Batti Gul Meter Chalu Review

Shahid Kapoor and Shraddha Kapoor starrer “Batti Gul Meter Chalu” takes a serious topic like wrong billing and other fraudulent practices of private power companies in India against whom complaints are futile. (photo provided)

T-Series and KRTI Films present “Batti Gul Meter Chalu”

Produced by: Bhushan Kumar, Krishan Kumar, Shree Narayan Singh, Nitin Chandrachud, Kusum Arora & Nishant Pitti

Directed and edited by: Shree Narayan Singh

Music: Anu Malik, Sachet-Parampara & Nusrat Fateh Ali Khan

Starring: Shahid Kapoor, Shraddha Kapoor, Yami Gautam, Divyenndu, Farida Jalal, Sudhir Pandey, Supriya Pilgaonkar, Atul Srivastava, Sushmita Mukherjee,

Samir Soni, Rajendra Chawla, Sukhwinder Chahal, Badrul Islam, Sharib Hashmi & Sp. App.: Anushka Ranjan and others

Sushil Kumar Pant aka SK (Shahid Kapoor) is a happy-go-lucky resourceful young man, who took seven and half years to pass his Law exams and earns good money by petty arm-twisting. He is inseparable friends with Laliat Nautiyal aka Nauti (Shraddha Kapoor), who aims to be a fashion designer, and the ramrod-straight Sundar Mohan Tripathi (Divyenndu as per credit titles), who starts a small-scale packaging plant in the town of Tehri.

So close is the trio that when the time comes, Nauti decides to spend a week dating each in turn before deciding on whom she will marry. After a week with SK, she starts spending time with the gentle and very responsible Sundar and falls in love with him.

By chance, SK sees them together and is humiliated and very angry. Around that time, Sundar, who has got his second inflated power bill, seeks a meter check from the private supply company and the result is a still more inflated and absurd bill of 54 lakh (5.4 million). His appeals are to no avail, and when his friend SK refuses to even listen to his problem and taunts him, he has no option but to commit suicide by jumping into the Ganga. He jumps along with his bike so that the insurance authorities will think it is an accident, and the compensation will pay for the bill, his other loans without endangering his father’s (Atul Shrivastava)’s home.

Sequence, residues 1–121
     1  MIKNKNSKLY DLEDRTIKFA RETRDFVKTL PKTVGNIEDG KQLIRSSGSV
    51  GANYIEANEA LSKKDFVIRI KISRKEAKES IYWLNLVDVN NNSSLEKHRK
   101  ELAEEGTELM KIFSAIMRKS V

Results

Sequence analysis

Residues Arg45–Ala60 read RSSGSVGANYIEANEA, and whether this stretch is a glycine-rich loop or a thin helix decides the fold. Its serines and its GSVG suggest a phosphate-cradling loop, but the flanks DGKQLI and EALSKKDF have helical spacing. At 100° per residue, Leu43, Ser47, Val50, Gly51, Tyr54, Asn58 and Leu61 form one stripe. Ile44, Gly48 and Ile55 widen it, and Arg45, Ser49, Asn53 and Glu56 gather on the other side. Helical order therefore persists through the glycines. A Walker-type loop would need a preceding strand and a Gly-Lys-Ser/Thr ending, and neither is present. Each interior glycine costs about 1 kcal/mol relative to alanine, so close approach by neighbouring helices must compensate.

The suicide jolts SK out of his anger, and he decides to teach the power company a lesson. Nauti does not forgive him easily, but SK is determined to bring the ‘powerful’ (pun intended here) forces to their knees and starts a movement that is echoed around the country. What happens next? And is there a twist?

Taking a serious topic like wrong billing and other fraudulent practices of private power companies in India against whom complaints are futile, and dealing with it entertainingly is a Herculean task at the least. Editor and director Shree Narayan Singh and writers Siddharth-Garima had managed this beautifully in “Toilet - Ek Prem Katha” with the right mix of drama, social intensity and fun. This time, the balance goes wrong.

The first half comes across as an elongated and ill-conceived love story, and is languid but painful, with Nauti emerging as a confused soul who does not know whom she likes of her two childhood buddies for “more than friendship” – as if that is a compulsion! The second half is more fun and drama as it is a courtroom scene in the main, but the frivolous judge and the proceedings, which often border on the absurd, simplistic, childish or irrational, pull down the so-necessary-to-make-an-impact serious quotient.

A caricature-like judge has become too frequent a norm now (“Jolly LLB,” “Jolly LLB 2,” “Rustom,” “Mulk,” “Yamla Pagla Deewana Phir Se”), and here, Sushmita Mukherjee emerges as quite a flippant authority. The verdict, when it comes, seems too convenient and random. There are hard-hitting angles to the narrative and lines, but overall, other than a happy ending for the characters and their families, it all seems starkly fanciful.

Siddharth-Garima’s overdose of “Bal” and “Thehera” in the spoken word becomes an irritant five minutes into the story and the rest we can imagine. The cinematography by Anshuman Mahaley is alright, but too many long shots of landscapes, barrenly beautiful as well as of the towns, are needless. The rest of the technical aspects are average, but the background score sounds very amateurish.

The songs are an asset but “Hard Hard” and “Gold Tamba” are speed-breakers in the narrative. Singh has been indulgent and fallen in love with his directorial work too much – 45 minutes of editing, and this 175-minute marathon would have been much more appealing.

Performance-wise, this is a Shahid Kapoor show, and he is correctly hyper, uncouth and, in his own way, ruthless. Divyenndu is alright but shows limitations. Shraddha Kapoor connects well, but remains, thanks to the writing, nice without being extraordinary. Yami Gautam is a surprise, though. From scene one, she is extraordinary, given her limited scope. From the rest, Atul Srivastava as Sundar’s father makes a mark. The rest are average.

Like the film.

Rating: **1/2

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